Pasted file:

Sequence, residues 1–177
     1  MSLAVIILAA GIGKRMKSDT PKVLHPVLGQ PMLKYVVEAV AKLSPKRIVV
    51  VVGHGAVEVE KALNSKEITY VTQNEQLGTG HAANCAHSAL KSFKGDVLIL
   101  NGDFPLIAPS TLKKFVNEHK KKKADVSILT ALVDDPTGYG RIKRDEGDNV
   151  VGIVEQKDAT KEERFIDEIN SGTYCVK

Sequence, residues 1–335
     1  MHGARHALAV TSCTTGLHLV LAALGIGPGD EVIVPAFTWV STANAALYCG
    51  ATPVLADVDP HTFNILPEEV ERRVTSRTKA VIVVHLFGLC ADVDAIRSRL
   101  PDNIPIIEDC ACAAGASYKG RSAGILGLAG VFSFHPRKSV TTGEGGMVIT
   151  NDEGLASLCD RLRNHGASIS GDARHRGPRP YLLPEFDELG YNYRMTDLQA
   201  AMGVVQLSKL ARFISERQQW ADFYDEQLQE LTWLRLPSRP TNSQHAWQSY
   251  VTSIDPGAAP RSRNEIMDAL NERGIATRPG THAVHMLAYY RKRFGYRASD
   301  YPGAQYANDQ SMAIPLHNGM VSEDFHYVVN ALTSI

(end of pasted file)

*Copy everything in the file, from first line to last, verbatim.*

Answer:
Sequence, residues 1–177
     1  MSLAVIILAA GIGKRMKSDT PKVLHPVLGQ PMLKYVVEAV AKLSPKRIVV
    51  VVGHGAVEVE KALNSKEITY VTQNEQLGTG HAANCAHSAL KSFKGDVLIL
   101  NGDFPLIAPS TLKKFVNEHK KKKADVSILT ALVDDPTGYG RIKRDEGDNV
   151  VGIVEQKDAT KEERFIDEIN SGTYCVK

Sequence, residues 1–335
     1  MHGARHALAV TSCTTGLHLV LAALGIGPGD EVIVPAFTWV STANAALYCG
    51  ATPVLADVDP HTFNILPEEV ERRVTSRTKA VIVVHLFGLC ADVDAIRSRL
   101  PDNIPIIEDC ACAAGASYKG RSAGILGLAG VFSFHPRKSV TTGEGGMVIT
   151  NDEGLASLCD RLRNHGASIS GDARHRGPRP YLLPEFDELG YNYRMTDLQA
   201  AMGVVQLSKL ARFISERQQW ADFYDEQLQE LTWLRLPSRP TNSQHAWQSY
   251  VTSIDPGAAP RSRNEIMDAL NERGIATRPG THAVHMLAYY RKRFGYRASD
   301  YPGAQYANDQ SMAIPLHNGM VSEDFHYVVN ALTSI